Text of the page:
Documents remain untouched and stacked inside the National Assembly on Sunday as the legislative branch is stalled for weeks. (Joint Press Corps)
South Korea’s legislative branch has been stalled for weeks as the ruling and main opposition parties have failed to come to a compromise on which party should take over key legislative posts.
With the key posts remaining empty for 23 days, the legislative branch has failed to vet bills and party negotiations have not made much progress, primarily on which party would take certain chair posts for the latter half of the 21st National Assembly.
The ruling People Power Party has asked for the chair posts of the House Steering Committee and the Legislation and Judiciary Committee, citing the promise it reached in July last year with then leaders of the Democratic Party of Korea.
The agreement reached then included the Democratic Party handing over the chair posts for the judiciary committee, one of the most influential positions in the legislative branch as it lets the chair review any bills before it heads to a final vote.
The ruling party has proposed that chair posts for the remaining committees can be negotiated.
The Democratic Party has opposed the People Power Party’s calls, saying that handing over the chair post would amount to a dictatorship of the People Power Party. Former leaders of the Democratic Party were irresponsible for making the promise then, its legislators argue.
The party also demanded reducing the power of the judiciary committee while proposing the People Power Party take part in the newly installed committee on reforming South Korea’s law enforcement.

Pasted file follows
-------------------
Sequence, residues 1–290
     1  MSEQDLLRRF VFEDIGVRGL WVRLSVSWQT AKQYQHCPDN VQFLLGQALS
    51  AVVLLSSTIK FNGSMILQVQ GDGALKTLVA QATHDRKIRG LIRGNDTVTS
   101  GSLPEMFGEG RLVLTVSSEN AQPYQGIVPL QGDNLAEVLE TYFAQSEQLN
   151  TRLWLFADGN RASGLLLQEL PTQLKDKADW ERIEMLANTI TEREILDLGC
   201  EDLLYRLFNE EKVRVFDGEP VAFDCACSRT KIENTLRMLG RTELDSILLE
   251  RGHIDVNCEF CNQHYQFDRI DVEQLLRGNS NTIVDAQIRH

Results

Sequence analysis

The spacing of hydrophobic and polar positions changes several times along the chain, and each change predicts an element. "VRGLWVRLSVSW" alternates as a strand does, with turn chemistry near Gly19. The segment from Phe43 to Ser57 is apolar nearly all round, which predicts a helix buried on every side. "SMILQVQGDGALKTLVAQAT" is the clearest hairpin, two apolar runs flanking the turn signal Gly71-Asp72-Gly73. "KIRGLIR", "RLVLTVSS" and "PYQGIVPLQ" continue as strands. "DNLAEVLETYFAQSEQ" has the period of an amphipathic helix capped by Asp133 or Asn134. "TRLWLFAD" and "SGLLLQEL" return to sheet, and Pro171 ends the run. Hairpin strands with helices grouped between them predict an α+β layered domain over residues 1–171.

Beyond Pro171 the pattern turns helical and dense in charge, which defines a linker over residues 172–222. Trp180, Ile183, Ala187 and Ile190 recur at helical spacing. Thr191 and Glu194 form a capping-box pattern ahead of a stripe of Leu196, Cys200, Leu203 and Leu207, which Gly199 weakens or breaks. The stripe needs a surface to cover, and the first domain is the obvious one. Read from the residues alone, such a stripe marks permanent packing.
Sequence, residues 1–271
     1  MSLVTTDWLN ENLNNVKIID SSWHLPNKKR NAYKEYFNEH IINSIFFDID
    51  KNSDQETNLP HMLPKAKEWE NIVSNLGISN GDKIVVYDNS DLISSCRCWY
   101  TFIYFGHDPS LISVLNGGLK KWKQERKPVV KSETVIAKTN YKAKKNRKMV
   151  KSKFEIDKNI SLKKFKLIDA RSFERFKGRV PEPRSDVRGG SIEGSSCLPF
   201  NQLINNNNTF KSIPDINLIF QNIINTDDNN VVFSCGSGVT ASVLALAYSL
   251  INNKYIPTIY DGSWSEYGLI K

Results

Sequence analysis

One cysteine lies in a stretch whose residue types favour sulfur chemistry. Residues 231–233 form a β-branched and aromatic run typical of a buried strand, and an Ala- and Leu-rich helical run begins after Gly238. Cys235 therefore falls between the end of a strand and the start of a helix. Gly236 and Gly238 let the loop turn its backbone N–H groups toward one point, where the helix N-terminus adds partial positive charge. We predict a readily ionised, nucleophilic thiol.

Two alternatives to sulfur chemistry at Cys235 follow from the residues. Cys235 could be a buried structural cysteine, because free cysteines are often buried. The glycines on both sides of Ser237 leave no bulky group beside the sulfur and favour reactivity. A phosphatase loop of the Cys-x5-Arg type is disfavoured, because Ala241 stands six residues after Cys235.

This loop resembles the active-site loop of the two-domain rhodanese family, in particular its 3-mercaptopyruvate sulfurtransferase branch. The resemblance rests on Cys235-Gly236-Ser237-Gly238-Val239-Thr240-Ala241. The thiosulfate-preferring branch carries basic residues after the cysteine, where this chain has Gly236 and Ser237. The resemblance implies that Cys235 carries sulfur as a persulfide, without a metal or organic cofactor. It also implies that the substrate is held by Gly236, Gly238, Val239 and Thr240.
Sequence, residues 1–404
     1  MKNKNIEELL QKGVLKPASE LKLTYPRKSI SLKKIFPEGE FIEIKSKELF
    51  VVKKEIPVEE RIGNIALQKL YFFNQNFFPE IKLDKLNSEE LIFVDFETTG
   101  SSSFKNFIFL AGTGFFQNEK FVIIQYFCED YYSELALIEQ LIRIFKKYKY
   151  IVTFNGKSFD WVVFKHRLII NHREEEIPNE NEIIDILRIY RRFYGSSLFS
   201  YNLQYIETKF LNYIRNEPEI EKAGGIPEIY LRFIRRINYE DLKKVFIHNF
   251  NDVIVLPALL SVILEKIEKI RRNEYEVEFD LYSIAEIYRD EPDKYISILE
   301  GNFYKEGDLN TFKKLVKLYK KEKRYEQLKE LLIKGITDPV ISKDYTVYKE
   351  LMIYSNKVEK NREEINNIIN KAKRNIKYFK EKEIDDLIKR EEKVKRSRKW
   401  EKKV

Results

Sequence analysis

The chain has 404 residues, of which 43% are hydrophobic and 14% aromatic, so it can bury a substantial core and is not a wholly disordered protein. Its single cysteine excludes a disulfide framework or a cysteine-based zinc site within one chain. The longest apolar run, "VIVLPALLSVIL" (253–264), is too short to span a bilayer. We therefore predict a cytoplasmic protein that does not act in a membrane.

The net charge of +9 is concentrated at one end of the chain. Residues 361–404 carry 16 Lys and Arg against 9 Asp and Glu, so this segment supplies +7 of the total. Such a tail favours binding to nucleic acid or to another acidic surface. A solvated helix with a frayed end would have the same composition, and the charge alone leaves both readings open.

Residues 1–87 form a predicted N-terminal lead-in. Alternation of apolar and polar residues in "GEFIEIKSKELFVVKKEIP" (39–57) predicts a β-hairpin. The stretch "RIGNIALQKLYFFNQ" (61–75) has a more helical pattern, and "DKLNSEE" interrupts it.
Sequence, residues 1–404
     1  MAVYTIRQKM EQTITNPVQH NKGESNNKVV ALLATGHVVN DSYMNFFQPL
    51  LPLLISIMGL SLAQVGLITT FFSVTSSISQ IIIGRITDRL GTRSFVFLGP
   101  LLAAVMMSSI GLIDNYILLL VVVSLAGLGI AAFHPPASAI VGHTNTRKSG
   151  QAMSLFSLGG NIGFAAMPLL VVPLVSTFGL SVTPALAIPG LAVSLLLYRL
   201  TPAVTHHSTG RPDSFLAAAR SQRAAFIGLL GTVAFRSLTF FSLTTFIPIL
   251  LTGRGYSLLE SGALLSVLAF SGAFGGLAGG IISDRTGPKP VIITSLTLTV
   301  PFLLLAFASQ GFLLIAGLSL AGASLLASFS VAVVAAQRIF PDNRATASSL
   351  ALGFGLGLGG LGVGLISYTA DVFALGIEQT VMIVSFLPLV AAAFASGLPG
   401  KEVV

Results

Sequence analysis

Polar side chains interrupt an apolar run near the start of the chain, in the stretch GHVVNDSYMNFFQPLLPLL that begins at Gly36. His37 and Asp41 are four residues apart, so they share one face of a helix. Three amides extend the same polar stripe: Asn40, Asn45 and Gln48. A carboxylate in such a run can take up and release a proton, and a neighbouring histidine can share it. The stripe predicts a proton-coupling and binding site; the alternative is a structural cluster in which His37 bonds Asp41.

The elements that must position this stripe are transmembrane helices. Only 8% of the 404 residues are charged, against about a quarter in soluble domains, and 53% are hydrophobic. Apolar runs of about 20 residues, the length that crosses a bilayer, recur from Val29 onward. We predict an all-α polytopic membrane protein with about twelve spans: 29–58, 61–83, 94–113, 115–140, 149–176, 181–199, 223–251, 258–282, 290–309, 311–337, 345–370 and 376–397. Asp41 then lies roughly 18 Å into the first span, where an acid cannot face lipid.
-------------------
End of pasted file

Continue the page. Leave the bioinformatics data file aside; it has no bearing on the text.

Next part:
Such disparity in views have made negotiations challenging, leaving the National Assembly speaker and other committee chair posts vacant, with a backlog of more than 11,000 bills. Confirmation hearings for ministerial nominees of the Yoon Suk-yeol administration have also been held up.
The ruling party proposed holding “marathon talks” to reach a compromise, but the opposition bloc refused to take part, arguing that the People Power Party is not ready to sincerely yield.
“The Democratic Party is essentially threatening to step away from negotiations if we agreed to let go of the promise reached between the two parties,” Rep. Kweon Seong-dong, floor leader of the People Power Party, said in a meeting Tuesday.
“The People Power Party does not have majority in the National Assembly and does not have control of the National Assembly speaker post. What does the People Power Party have to yield?”
By Ko Jun-tae (firstname.lastname@example.org